With AI starting to filter into everyday apps and activities, businesses and government are struggling to understand how best to manage how to use it safely. Whilst the continuing improvements in AI are making life easier for some, it is causing headaches for others and even angst as people consider if their jobs may be impacted or even made extinct. After reading of the federal government calling of proposals on a draft National AI in Schools framework, I started thinking more about AI and where I see it being used more noticeably in my world and how I see it fitting in to education in particular.
Personally, I’ve noticed AI being used more due to my love of music and, in particular, The Beatles. There have been a lot more examples of AI generated songs featuring the Beatles singing, or in some cases being de-aged or added to other Beatle’s members songs.
John Lennon singing Band on The Run
I Don’t Know – Paul McCartney de-aged
Most of them are pretty sketchy at best in terms of realism and are really just exploring how the AI can be used in various ways. However, sometimes they sound just about right and the comments from fans show that there are a lot of people who like the possibilities of brand-new music using AI versions of these bands. As a fan, and a musician, I’m not overly comfortable with using existing bands that are long gone to make new music, but there are those who do want this for various reasons.
It seems even music companies are worried and looking to find ways to protect artists voices, but then, what will they be able to do with them?
The same is happening with videos where AI is used to either de-age characters or create entirely new scenes featuring actors that are no longer alive. While mostly used in passing there have been a few examples of more substantial characterisations as the AI improves, the budgets allow for it and the story calls for a younger version of the actor where a lookalike won’t do.
Paul McCartney and Beck – Find My Way
A 20’s something McCartney in a modern video. A dancer with motion capture points was used for the scene with McCartney’s face “deepfaked” using AI.
Harrison Ford de-aged in Indiana Jones 5
A 70’s year old Ford de-aged to appear as his character would in the 1940’s, similar to his portrayal of Indiana Jones in The Last Crusade.
They still don’t quite beat the uncanny valley “doll” look and even in a few short years have come a long way from this:
Star Wars is a good example of this technique being used to bring back actors from the dead and place them in modern films with Peter Cushing’s likeness used throughout Rogue One as a major character. With Cushing dying in 1994 and Rogue One releasing in 2016 it is incredible to think that an actor can play a major role in a film without being alive to play it! Though that does leave all sorts of questions on the morals of doing so as the actor can neither consent nor provide their own interpretation of a character. Seeing as the AI character is generally based off the living actor’s roles, at what point does the characterisation become a parody of those?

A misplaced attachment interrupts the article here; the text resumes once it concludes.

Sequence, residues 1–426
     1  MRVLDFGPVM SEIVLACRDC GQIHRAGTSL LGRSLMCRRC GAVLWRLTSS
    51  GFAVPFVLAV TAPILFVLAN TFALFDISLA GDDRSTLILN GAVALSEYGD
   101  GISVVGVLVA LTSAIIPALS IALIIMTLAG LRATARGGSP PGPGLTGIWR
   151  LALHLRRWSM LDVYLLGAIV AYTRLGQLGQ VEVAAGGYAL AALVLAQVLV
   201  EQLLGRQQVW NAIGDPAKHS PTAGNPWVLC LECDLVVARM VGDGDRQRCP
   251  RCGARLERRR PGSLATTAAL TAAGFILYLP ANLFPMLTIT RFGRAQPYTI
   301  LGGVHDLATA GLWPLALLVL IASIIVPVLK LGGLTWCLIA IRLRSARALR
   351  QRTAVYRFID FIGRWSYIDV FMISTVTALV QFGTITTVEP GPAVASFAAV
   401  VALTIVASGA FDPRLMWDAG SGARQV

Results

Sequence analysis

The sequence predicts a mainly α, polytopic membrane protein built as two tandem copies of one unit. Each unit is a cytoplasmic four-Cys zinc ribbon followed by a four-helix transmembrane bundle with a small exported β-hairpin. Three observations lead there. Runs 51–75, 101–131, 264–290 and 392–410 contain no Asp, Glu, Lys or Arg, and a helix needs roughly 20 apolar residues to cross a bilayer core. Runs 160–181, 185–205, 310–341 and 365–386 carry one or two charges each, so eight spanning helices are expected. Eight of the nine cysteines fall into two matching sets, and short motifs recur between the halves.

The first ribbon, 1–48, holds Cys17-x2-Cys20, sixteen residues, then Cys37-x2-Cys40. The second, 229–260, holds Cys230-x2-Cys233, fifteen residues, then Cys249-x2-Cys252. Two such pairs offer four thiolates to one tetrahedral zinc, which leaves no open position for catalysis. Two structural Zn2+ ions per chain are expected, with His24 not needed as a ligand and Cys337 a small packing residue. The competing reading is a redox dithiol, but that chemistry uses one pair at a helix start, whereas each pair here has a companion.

Comparison of Peter Cushing in Rogue One and Star Wars: A New Hope
This shows that the CGI/AI Tarkin just can’t quite match the real thing, but it’s close enough to be used in a full feature as a main character.
Governments across the globe are becoming more concerned with AI use in education and the impacts on learning that that holds. With various AI chat-bots able to create detailed and authentic essays and questions answers based on specific information provided to it, education departments are struggling to determine how to incorporate AI into everyday learning. Some governments have banned the use of ChatAI in state schools until they can understand how it will impact students, whilst other governments and independent schools have begun to embrace the uses and possibilities while creating limits around how it can be used.
The use of AI in schools has parallels with the earlier introduction of other technologies such as computers and calculators which were seen as ways to “cheat” learning by making things easier. In my teaching career, I strongly believed that these were tools similar to a pen, book and ruler that needed to be learned how to get the best from them as on their own, and with no context in using them, were just things that could do some other things. Parents would often complain about screen time and when asked in detail, would say they didn’t like how their child was always watching YouTube or gaming and were worried they’d get more time in class on a screen. My response was that the screen time in class was different as they were no longer consumers, but producers when using them. The change was going from passive to active consumption where what they were viewing needed them to reflect on what they were seeing and then take that to create their own thoughts and work.
The same needs to be thought of about AI.
Students, and in many cases adults, need to be taught how to use AI to enhance what they are learning and not just use the results blindly. Wikipedia was originally rubbished by many educators, but it eventually has become a great tool to start from as it gives younger students broad information that is reasonably well checked for accuracy and has links to references where information has been sourced. As long as it is not used as the primary, or sole source of information, using it as a basic starting point to search for more detail teaches students to vary their sources and question what they are being given.
When teaching the use of AI is approached in the same way, it then can become a consolidator of information to begin searching for deeper information sources. This, I think, will be the key in ensuring that AI is used in education in ways that enhance student learning instead of replacing it.
Then, we’ll really see some cool stuff come from it.